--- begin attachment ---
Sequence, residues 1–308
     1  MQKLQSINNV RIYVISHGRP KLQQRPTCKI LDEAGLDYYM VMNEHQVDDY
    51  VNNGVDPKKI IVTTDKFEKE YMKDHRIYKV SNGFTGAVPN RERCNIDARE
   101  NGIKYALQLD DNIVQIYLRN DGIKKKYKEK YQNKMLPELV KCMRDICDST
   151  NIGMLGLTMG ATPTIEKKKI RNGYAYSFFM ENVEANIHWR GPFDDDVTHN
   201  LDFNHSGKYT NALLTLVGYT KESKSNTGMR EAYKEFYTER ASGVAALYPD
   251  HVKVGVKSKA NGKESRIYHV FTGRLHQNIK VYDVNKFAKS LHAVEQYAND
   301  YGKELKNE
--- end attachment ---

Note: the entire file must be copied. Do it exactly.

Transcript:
Sequence, residues 1–308
     1  MQKLQSINNV RIYVISHGRP KLQQRPTCKI LDEAGLDYYM VMNEHQVDDY
    51  VNNGVDPKKI IVTTDKFEKE YMKDHRIYKV SNGFTGAVPN RERCNIDARE
   101  NGIKYALQLD DNIVQIYLRN DGIKKKYKEK YQNKMLPELV KCMRDICDST
   151  NIGMLGLTMG ATPTIEKKKI RNGYAYSFFM ENVEANIHWR GPFDDDVTHN
   201  LDFNHSGKYT NALLTLVGYT KESKSNTGMR EAYKEFYTER ASGVAALYPD
   251  HVKVGVKSKA NGKESRIYHV FTGRLHQNIK VYDVNKFAKS LHAVEQYAND
   301  YGKELKNE